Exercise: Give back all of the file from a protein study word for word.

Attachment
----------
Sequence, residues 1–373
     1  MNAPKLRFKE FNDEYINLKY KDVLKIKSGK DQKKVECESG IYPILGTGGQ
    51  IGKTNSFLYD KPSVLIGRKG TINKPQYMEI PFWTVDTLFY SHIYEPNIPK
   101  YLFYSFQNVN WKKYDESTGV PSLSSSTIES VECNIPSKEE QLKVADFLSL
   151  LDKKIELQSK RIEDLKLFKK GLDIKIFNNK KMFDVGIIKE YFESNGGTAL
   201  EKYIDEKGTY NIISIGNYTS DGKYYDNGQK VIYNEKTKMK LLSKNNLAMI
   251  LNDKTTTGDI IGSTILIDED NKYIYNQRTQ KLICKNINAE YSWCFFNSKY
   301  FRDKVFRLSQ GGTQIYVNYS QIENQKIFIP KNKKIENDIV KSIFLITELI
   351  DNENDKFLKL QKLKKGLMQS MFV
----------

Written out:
Sequence, residues 1–373
     1  MNAPKLRFKE FNDEYINLKY KDVLKIKSGK DQKKVECESG IYPILGTGGQ
    51  IGKTNSFLYD KPSVLIGRKG TINKPQYMEI PFWTVDTLFY SHIYEPNIPK
   101  YLFYSFQNVN WKKYDESTGV PSLSSSTIES VECNIPSKEE QLKVADFLSL
   151  LDKKIELQSK RIEDLKLFKK GLDIKIFNNK KMFDVGIIKE YFESNGGTAL
   201  EKYIDEKGTY NIISIGNYTS DGKYYDNGQK VIYNEKTKMK LLSKNNLAMI
   251  LNDKTTTGDI IGSTILIDED NKYIYNQRTQ KLICKNINAE YSWCFFNSKY
   301  FRDKVFRLSQ GGTQIYVNYS QIENQKIFIP KNKKIENDIV KSIFLITELI
   351  DNENDKFLKL QKLKKGLMQS MFV